So, basically, we’re going to populate those corners and, starting at noon, stand on apple boxes and read poetry. The idea is, you know, to have a cacophony of poetic voices raised at one time so that the city becomes alive with poetry. It’ll also give us an opportunity to talk with people on the streets and tell them about the literary festival. We’ll have information that we can give to people about all the events that are going on over the weekend. In terms of the readers themselves, we’re hoping for all kinds of poetry: everything from spoken word, slam, traditional, lyric, experimental - whatever’s your pleasure, come and join together with other poets. And even if you don’t want to read poetry, if you want to read a particularly lovely passage of, say, Moby Dick, do it - the idea is to come and put your words out into the air. So that’s a really exciting thing that’s going to happen that Saturday.
And then Sunday there’s PoetryLab, which will be happening at Museum London. It’s a cool event. I read at an earlier PoetryLab when it was hosted at Western in Conron Hall. It is an immersive poetry experience. It blends visual poetry and sound effects to create a unique poetic experience, and it uses multi...
T: Multi-media. The reading takes place in a dark room so it’s really immersive, which helps you focus on the poets. At the previous PoetryLab I read with Joel [Faflak], NourbeSe [Philip] and the student writer in residence, Scott Beckett.
K: Hell of a line up.
T: Yeah, it was great. And the line up this year is Penn Kemp, London’s -
T: - former Poet Laureate, our first and only Poet Laureate, Penn Kemp, Laurie D. Graham, who was shortlisted for the CBC Poetry Prize, Andy Macguire who was long listed for the same award - he’s a musician, poet and all around awesome dude. And then there’s Emma Blue, who is on the 2014 Poetry Slam Team. And then Steven Sloka, who’s the student writer in residence this year at Western. He recently read with Gary Barwin, who is the writer in residence up at Western - he’s fantastic. It’s a fantastic line up.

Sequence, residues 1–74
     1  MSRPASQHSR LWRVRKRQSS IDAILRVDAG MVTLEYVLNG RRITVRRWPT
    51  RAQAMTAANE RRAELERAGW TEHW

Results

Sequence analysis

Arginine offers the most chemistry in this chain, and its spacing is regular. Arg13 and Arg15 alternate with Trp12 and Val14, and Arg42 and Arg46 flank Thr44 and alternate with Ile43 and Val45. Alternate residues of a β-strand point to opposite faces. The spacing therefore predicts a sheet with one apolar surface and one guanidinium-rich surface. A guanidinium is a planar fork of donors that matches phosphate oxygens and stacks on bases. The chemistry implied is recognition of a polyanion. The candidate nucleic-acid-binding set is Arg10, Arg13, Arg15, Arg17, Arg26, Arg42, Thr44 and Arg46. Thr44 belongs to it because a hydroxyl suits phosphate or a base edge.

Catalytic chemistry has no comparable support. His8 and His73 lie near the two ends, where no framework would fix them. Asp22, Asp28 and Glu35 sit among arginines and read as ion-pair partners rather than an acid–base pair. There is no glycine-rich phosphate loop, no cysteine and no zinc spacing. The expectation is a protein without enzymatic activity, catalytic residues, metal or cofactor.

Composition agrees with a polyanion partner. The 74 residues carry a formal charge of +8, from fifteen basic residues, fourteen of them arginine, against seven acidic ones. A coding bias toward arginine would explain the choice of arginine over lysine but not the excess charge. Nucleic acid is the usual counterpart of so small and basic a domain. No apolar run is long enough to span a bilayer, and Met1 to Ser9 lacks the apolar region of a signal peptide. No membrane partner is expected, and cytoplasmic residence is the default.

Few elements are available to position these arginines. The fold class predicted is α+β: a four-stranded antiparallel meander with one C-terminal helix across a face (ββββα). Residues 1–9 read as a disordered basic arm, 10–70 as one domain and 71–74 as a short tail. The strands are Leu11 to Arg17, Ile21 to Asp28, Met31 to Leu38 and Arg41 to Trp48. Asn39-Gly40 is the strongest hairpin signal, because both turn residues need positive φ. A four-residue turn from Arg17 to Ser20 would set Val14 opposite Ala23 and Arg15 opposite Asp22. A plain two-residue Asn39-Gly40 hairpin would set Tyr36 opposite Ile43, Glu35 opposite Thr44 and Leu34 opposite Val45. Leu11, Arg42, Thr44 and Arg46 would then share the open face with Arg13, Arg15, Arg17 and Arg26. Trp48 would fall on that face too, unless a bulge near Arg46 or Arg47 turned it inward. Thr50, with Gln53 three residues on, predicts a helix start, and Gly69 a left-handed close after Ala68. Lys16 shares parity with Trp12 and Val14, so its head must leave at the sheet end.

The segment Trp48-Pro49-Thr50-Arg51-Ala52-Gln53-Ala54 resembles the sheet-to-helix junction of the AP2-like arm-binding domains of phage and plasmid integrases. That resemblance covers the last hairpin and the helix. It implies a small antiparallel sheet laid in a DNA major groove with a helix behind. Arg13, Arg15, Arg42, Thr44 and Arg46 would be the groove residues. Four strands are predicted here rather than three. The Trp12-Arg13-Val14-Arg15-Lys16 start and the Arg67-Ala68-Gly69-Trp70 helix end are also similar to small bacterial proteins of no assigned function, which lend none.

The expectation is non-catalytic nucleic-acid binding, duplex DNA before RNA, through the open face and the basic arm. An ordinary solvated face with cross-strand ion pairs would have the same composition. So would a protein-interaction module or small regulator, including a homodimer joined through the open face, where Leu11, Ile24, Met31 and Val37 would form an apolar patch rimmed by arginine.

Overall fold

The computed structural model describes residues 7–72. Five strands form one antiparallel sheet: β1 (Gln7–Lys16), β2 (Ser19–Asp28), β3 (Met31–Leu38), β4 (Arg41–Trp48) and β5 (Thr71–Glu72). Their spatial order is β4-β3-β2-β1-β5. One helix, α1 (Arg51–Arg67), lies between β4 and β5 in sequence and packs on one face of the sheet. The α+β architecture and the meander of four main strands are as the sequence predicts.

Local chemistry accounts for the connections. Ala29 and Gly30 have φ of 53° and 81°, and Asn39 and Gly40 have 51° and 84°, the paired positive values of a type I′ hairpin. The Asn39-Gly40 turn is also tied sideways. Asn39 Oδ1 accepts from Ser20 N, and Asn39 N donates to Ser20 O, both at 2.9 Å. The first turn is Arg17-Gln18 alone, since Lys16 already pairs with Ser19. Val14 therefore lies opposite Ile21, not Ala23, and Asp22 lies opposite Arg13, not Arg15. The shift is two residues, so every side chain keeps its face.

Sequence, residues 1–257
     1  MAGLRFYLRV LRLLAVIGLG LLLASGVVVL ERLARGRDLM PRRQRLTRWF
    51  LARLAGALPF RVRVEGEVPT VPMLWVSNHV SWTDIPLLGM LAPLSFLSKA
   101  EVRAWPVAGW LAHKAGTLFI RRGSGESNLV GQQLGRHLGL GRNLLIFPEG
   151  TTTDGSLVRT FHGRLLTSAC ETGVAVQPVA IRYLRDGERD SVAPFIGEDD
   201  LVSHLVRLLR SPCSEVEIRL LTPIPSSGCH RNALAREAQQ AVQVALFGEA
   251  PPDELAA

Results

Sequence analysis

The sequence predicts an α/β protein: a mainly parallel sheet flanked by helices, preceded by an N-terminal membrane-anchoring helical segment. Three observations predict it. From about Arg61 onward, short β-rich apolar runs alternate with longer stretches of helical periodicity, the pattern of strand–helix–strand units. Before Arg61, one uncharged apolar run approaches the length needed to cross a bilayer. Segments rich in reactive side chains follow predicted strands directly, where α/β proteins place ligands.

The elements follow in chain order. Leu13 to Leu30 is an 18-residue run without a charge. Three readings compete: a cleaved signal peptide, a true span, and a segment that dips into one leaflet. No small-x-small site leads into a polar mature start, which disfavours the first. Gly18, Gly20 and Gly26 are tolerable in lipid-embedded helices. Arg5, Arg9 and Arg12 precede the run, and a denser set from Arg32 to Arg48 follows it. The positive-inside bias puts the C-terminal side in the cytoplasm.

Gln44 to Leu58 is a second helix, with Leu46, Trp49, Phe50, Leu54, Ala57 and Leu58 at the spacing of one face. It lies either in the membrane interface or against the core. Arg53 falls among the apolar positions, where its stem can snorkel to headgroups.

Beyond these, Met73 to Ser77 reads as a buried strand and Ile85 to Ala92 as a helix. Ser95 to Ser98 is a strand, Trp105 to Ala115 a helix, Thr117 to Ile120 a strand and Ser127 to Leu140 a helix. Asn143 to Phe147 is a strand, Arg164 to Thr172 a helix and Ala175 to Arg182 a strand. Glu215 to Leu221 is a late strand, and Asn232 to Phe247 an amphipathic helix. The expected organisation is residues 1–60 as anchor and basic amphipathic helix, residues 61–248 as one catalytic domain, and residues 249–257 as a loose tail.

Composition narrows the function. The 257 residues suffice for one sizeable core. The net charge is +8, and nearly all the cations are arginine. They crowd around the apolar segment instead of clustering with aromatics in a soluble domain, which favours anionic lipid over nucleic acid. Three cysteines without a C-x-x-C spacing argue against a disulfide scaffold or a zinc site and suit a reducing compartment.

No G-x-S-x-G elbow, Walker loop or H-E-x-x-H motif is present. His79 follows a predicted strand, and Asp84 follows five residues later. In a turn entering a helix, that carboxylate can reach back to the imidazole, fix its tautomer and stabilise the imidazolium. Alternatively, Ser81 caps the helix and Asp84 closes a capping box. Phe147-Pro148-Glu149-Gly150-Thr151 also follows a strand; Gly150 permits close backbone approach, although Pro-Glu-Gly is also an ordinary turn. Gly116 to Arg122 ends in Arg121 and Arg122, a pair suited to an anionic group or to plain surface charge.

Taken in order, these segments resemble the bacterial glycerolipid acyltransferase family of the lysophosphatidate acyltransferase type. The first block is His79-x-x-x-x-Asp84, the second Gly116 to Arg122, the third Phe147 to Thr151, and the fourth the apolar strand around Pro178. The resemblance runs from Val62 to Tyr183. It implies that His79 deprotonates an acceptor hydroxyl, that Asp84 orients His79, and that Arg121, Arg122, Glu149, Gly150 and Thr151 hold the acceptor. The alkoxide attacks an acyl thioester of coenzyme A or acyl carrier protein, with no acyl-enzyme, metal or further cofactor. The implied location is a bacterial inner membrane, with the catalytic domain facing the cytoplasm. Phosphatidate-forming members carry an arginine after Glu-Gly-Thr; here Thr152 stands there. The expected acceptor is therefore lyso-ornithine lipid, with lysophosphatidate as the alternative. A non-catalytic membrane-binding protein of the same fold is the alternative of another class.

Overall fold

K: So, just to get a sense of the way in which the visual media intermingles with the poetry, would there be a projection display behind the poet?
T: Yeah, there’s a projection display behind the poet, [overseen by] Phil Glennie, who works with Josh [Lambier] in the Public Humanities at Western. This is his brainchild.
PoetryLab blends visual projections, sound effects, and poetry to create, an intense and immersive literary experience. It features an interactive component, by which attendees are invited to bring a Twitter-enabled mobile device so that they can record their impressions and help shape the event as it unfolds. These impressions are projected on a screen during “Twitter-ludes”- interludes between the poets where people in the audience comment on the event as it is going on.
And the poets take turns reading one poem at a time, so it’s a really dynamic, sensorial, multimodal event which engages the audience by reinventing the poetry reading. So, the poetry readings [hosted by Poetry London] - I love them - are very traditional readings: the poet reads at the front of the room for a period of time.
K: It’s not everybody’s cup of tea?
T: It’s a good cup of tea.
K: No question.
T: But there’s room for other kinds of reading too. PoetryLab re-imagines what a poetry reading can be. And Poetry London has been a supporter of this experiment from the beginning. It’s a lot of fun, it’s dynamic, fast-moving, you’re always getting different voices. The poets are asked to read their stuff, but they also read poems [of other poets that they admire]. Having participated in it, and also having been an audience member for it, I’d say it’s one of the most exciting things happening in poetry in London. It’s fun.
Also, Poetry London has also been instrumental in bringing Jeramy Dodds to the festival. Dodds is the Writer in Residence at [the University of New Brunswick], and a former Griffin nominee. He’s got a book coming out with Coach House which is a translation of classical Icelandic poetry. It’s really cool stuff. He’s fantastic. And that’s just a part of the poetry content of this whole festival. I mean, there will be plenty of local voices and great events such as the London Poetry Slam at the London Music Club on Friday night between 8 and 11.